by Mary Caperton Morton Thursday, May 19, 2016
The Carboniferous Period is famous for supplying Earth with an abundance of coal deposits. According to one hypothesis, the formation of all this coal is explained by a proposed 60-million-year gap, or lag, between the spread of the forests globally about 360 million years ago and the rise of wood-eating microbes and fungi that could break down tough plant matter. But a new study refutes this idea, instead attributing the Carboniferous' copious coal to the consolidation of the supercontinent Pangea.
When the “evolutionary lag” hypothesis was first proposed in the 1990s, “some in the scientific community were really enamored of it,” says Kevin Boyce, a geobiologist at Stanford University and an author of the new study, published in Proceedings of the National Academy of Sciences. “Despite plenty of evidence that the story doesn’t add up, it has refused to die.”
The evolutionary lag hypothesis hinges on the amount of lignin — a class of tough cell wall polymers that lend strength to plant tissue and are more resistant to degradation than other plant components — contained in trees and plants during the Carboniferous. Most species of modern trees contain large amounts of lignin, and if the same were true of ancient trees before microbes and fungi evolved to break it down, the lignin would have provided a huge source of carbon that could be converted to coal.
In the new study, Boyce and his colleagues surveyed Carboniferous coal samples from around North America and found that lignin was not the dominant plant constituent preserved in the coal. Many samples were composed mainly of lycopsids, an ancient group of plants that had little lignin in their cell walls. The researchers also found that coals high in lignin did not necessarily date to times when larger volumes of coal were produced, further suggesting that lignin content was not a substantial control on coal formation.
In addition to the prominent role that the evolutionary lag hypothesis attributes to lignin in forming Carboniferous coals, the hypothesis also suggests that fungi are rare or absent in the coals, says James Hower, a sedimentary geologist at the University of Kentucky who was not involved in the new study. But that’s just not the case, he says. In coal that’s hundreds of millions of years old, finding signs of life — whether from plants, bacteria, fungi, algae, insects or other animals — can be tricky, he says, but “there’s plenty of evidence for fungi in Carboniferous coals if you know where to look.”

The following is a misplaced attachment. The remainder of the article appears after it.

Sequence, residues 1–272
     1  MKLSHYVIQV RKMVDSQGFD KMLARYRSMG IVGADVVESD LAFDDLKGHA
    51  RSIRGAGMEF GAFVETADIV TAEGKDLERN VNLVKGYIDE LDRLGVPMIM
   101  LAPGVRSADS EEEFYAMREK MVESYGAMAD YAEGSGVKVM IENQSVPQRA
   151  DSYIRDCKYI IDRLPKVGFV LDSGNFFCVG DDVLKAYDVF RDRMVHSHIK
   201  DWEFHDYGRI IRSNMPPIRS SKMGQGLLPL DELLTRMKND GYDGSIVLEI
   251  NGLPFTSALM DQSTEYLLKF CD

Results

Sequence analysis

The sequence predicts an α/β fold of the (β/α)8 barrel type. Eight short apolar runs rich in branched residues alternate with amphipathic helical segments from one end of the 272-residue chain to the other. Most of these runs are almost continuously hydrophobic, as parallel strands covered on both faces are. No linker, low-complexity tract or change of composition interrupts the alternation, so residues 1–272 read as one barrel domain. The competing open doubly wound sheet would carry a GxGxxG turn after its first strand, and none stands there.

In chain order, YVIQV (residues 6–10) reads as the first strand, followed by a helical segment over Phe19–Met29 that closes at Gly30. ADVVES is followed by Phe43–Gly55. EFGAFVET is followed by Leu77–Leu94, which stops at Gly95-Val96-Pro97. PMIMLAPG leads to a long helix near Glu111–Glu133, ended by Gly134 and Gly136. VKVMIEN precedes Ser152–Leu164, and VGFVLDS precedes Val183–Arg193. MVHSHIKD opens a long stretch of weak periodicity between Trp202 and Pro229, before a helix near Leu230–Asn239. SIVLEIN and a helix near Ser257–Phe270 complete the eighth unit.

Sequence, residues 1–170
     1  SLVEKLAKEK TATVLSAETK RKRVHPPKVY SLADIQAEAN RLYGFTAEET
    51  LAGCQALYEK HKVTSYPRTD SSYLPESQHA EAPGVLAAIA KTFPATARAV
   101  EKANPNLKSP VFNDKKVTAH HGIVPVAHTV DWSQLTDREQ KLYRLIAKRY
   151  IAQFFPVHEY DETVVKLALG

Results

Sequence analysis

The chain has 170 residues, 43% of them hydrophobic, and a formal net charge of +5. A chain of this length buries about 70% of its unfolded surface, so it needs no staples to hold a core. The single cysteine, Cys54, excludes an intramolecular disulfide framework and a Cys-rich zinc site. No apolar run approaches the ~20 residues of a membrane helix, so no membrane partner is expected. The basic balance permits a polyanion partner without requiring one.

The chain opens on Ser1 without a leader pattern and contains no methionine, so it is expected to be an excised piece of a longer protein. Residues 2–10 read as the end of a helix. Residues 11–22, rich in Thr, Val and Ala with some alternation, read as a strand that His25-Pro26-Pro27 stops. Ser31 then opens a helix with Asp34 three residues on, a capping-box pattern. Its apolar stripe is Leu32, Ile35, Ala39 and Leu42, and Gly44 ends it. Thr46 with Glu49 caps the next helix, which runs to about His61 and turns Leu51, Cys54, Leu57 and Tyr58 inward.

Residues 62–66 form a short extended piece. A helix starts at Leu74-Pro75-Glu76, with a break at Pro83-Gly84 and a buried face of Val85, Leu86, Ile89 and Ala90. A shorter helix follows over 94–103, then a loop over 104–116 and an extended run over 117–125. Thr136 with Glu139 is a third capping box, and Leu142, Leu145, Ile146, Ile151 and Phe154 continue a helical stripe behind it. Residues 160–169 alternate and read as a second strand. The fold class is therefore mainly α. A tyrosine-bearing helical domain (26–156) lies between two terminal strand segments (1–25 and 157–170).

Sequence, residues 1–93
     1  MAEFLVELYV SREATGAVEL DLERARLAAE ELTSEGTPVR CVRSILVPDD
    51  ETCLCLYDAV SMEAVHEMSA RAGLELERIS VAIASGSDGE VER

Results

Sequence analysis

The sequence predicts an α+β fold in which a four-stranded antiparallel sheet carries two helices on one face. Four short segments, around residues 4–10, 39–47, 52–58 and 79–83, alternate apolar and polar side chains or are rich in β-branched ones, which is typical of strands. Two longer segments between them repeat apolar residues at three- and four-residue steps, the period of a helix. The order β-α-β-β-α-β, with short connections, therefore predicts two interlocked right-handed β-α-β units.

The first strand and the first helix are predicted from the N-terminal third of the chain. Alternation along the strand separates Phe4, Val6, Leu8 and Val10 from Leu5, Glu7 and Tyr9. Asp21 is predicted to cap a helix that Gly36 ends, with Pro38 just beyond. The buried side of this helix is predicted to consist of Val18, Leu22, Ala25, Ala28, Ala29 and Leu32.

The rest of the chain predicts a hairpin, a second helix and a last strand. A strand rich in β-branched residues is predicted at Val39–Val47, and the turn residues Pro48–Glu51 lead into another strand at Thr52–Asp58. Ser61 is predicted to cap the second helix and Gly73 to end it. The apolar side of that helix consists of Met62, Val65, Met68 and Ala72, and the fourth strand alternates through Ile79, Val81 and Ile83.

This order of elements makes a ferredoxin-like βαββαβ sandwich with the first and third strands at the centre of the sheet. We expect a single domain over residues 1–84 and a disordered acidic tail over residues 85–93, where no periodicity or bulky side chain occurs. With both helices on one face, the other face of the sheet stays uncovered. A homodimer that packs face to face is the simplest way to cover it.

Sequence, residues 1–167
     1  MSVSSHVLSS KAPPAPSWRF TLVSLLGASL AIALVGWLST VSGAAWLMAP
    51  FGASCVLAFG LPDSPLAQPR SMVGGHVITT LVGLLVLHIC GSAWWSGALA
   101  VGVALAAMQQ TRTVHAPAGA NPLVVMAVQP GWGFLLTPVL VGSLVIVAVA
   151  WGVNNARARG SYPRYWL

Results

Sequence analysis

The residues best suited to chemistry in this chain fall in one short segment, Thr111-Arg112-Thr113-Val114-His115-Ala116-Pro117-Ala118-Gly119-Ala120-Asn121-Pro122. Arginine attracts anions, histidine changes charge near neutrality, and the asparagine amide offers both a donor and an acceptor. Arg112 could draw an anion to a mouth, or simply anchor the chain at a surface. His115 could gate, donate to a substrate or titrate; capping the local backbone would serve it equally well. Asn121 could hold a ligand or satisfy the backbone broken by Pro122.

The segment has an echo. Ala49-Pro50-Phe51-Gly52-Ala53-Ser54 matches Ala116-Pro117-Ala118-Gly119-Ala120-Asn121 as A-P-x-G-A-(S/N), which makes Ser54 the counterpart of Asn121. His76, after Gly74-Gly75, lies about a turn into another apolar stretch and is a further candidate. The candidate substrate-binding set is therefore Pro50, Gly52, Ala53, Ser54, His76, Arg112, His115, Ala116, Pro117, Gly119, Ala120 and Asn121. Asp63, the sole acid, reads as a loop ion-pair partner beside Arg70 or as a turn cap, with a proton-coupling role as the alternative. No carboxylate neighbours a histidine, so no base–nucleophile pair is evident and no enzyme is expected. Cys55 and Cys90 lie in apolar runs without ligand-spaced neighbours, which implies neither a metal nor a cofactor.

Boyce says his team’s findings lend support to an alternate hypothesis: one that credits the abundance of coal formed during the Carboniferous to a combination of wet climate conditions and basin-forming tectonics that prevailed during the assembly of Pangea more than 300 million years ago.
“To form coal you need two basic conditions: wet tropics and a hole to bury organic matter in for a long period of time,” Boyce says. During the formation of Pangea, collisions between continents raised mountain ranges while downwarping adjacent crust, which created massive basins. These basins became ideal depositories for wet organic plant matter, which was buried, compressed and cooked over geologic time to form coal. Similar conditions likely also produced coal deposits during the Mesozoic Era, and the Paleocene and Eocene epochs, often in conjunction with mountain-building episodes such as the formation of the Rocky Mountains.
This tectonic- and climate-driven explanation for Carboniferous coals has been around for a while, Boyce says, but the new results make the case for it even stronger. “If you look at the stratigraphic distribution of coal over geologic time, it’s clear that fungi aren’t controlling accumulation rates,” because periods of coal formation come and go throughout the geologic record. But, he says, coal accumulation patterns make “a lot of sense in terms of wet climates and basins opening.”
© 2008-2021. All rights reserved. Any copying, redistribution or retransmission of any of the contents of this service without the expressed written permission of the American Geosciences Institute is expressly prohibited. Click here for all copyright requests.